Contemporary France: Karim Miske and Aatish Taseer
Presented by Philip Dodd. With writers Karim Miske and Aatish Taseer discussing their novels, the French tradition of secularism and the influence of religion.
Karim Miské and Aatish Taseer discuss their novels, the French tradition of secularism and the influences of religion with Philip Dodd. They're joined by Dr Sudhir Hazareesingh and Ruth Scurr.
Karim Miské is a writer and documentary maker based in Paris whose novel Arab Jazz won the Grand Prix de Littérature Policière - the most prestigious award for crime and detective fiction in France.
Aatish Taseer divides his time between New Delhi and New York. His first novel The Temple-Goers was shortlisted for the Costa First novel and his memoir travelogue Stranger to History : A Son's Journey Through Islamic Lands is translated into more than 14 languages.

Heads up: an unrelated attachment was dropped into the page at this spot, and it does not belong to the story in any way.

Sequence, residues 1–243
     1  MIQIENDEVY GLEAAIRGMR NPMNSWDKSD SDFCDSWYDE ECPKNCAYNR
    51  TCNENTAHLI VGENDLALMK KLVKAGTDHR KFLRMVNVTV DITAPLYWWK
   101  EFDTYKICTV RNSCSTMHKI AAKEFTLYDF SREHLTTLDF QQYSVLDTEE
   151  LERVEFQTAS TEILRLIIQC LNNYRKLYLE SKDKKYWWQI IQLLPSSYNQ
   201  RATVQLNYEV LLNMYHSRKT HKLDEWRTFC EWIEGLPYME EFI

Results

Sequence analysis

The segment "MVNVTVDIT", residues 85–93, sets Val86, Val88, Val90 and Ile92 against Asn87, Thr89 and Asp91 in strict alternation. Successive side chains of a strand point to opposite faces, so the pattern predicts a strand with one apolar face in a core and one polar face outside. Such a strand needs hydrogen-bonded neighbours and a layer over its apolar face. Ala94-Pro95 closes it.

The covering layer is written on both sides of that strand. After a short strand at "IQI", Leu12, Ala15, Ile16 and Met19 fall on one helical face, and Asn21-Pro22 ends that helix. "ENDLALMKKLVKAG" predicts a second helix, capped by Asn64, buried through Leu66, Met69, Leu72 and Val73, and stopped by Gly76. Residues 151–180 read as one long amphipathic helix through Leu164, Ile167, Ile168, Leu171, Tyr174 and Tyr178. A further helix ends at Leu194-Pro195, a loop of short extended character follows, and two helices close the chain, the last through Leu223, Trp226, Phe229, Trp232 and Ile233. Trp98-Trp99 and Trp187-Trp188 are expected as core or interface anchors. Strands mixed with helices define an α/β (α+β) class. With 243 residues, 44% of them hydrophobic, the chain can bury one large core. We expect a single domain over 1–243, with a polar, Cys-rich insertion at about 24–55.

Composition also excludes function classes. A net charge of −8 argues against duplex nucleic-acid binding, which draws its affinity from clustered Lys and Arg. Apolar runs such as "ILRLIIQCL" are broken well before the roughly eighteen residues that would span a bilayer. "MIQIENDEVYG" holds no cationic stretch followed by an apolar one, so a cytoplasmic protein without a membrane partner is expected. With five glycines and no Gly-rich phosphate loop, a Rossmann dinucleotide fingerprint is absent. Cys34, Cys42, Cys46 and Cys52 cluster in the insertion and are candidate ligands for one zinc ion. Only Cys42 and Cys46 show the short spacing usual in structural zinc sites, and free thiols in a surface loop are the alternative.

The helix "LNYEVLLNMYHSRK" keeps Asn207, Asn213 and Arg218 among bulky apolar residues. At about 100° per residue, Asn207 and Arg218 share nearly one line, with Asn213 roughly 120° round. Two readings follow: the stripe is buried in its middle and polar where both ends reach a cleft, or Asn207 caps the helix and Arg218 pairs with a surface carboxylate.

His new novel is called The Way Things Were.
Dr Sudhir Hazareesingh, from University of Oxford, is the author of books on Napoleon, the influence of General De Gaulle, the intellectual founders of the republic and in June his new book How the French Think: An Affectionate Portrait of an Intellectual People will be available.
Ruth Scurr, from the University of Cambridge, is the author of books including Fatal Purity: Robespierre and the French Revolution. Her book John Aubrey: My Own Life comes out in March.
Producer: Jatinder Sidhu
Editor: Robyn Read.
Novelist Karim Miske
Author of Arab Jazz in conversation with Philip Dodd
The history of secularism in France
Historians Dr Ruth Scurr, Dr Sudhir Hazareesingh and Karim Miske
Novelist Aatish Taseer
Author of The Way Things Were in conversation with Philip Dodd
The limits and future of secularism
Aatish Taseer, Karim Miske, Dr Ruth Scurr and Dr Sudhir Hazareesingh
Role Contributor Presenter Philip Dodd Interviewed Guest Karim Miske Interviewed Guest Aatish Taseer Interviewed Guest Sudhir Hazareesingh Interviewed Guest Ruth Scurr Producer Jatinder Sidhu Editor Robyn Read